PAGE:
Concepción was a staff writer on the zombie dramedy “Daybreak” and co-wrote an episode of “Gentefied,” a new show about a Mexican American family living in a gentrifying neighborhood.
She was “a vocal advocate for trans and Latinx representation in the entertainment industry,” People noted.
In a statement, Netflix praised the California native and Yale University alumna as a “talented writer with a passion for storytelling, lifting up underrepresented voices, and fighting for representation in front of and behind the camera.”
Representatives for “Gentefied” told Deadline in a statement that they “were so blown away by her amazing talent and unique voice. She was definitely a force to be reckoned with and we are deeply saddened by the loss of one of our brightest stars.”
The show premiered on Friday, the same day that Concepción reportedly took her own life.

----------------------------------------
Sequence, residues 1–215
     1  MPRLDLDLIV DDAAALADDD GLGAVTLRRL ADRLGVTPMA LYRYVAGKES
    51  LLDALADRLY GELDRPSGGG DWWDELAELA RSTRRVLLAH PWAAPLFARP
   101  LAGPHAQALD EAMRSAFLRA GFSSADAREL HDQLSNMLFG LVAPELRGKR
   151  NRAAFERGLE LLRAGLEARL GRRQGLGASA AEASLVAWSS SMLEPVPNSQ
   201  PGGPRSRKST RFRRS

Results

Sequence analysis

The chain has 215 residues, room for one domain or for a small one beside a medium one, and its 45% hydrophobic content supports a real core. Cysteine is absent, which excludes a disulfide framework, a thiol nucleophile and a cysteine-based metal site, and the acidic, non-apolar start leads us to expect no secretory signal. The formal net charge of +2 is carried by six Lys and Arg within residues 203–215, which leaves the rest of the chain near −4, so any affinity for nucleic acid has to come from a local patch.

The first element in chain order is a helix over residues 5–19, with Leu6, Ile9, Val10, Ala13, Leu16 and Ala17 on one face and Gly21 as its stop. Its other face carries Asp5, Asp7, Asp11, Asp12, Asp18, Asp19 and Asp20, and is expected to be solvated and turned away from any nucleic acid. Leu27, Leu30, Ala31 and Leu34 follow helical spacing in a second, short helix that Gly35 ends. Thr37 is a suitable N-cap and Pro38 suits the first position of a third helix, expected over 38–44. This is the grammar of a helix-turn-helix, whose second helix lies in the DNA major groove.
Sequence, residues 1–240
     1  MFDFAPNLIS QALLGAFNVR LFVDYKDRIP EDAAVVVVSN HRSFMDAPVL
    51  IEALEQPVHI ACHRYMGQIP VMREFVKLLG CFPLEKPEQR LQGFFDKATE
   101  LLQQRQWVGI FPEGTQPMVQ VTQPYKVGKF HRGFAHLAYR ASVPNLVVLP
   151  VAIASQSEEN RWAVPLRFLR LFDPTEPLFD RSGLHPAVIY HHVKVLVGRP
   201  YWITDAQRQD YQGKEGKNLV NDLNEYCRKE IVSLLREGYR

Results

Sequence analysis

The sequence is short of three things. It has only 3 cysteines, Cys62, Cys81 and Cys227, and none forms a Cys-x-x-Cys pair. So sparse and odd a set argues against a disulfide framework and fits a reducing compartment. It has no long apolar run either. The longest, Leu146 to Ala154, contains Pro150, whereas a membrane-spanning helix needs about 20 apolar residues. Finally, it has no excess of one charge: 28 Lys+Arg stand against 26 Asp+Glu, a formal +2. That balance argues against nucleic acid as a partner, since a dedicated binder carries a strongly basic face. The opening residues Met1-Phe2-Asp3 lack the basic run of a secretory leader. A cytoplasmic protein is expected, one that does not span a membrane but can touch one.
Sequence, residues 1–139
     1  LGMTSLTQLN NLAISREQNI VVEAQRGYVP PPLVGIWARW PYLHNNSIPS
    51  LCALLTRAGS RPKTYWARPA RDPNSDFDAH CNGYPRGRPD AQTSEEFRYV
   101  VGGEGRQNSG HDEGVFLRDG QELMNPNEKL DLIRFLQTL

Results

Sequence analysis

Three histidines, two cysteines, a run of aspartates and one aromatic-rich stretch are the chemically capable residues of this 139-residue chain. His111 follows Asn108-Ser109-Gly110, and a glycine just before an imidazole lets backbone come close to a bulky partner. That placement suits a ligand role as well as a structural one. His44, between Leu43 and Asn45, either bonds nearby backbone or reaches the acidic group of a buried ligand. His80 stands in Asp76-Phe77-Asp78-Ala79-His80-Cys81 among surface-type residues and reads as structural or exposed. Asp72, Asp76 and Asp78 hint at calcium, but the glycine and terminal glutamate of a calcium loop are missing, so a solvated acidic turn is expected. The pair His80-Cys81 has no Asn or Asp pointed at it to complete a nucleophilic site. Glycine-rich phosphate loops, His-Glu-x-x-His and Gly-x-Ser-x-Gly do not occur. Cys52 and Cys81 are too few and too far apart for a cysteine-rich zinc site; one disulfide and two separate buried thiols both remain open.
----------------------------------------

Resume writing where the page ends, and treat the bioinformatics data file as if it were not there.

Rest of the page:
“Mija, I knew just an inkling of the pain you were feeling and the hurt you had gone through,” “Gentefied” co-creator Marvin Lemus wrote in a heartbreaking Instagram post. “You inspired me every day with your perseverance and your ability to shorten (every) fucking word to fit into your schedule. Mija, I hope you’re at peace now. I’ll get over my anger. I’m not ready yet.”
Concepción also worked with “Transparent” creator Jill Soloway on the 50/50 by 2020 initiative to advance gender parity in entertainment, per Variety.
She “always elevated the experiences of transgender women of color,” Soloway wrote on Instagram Wednesday. “She was a brilliant writer, amazing activist, and hilarious friend.”
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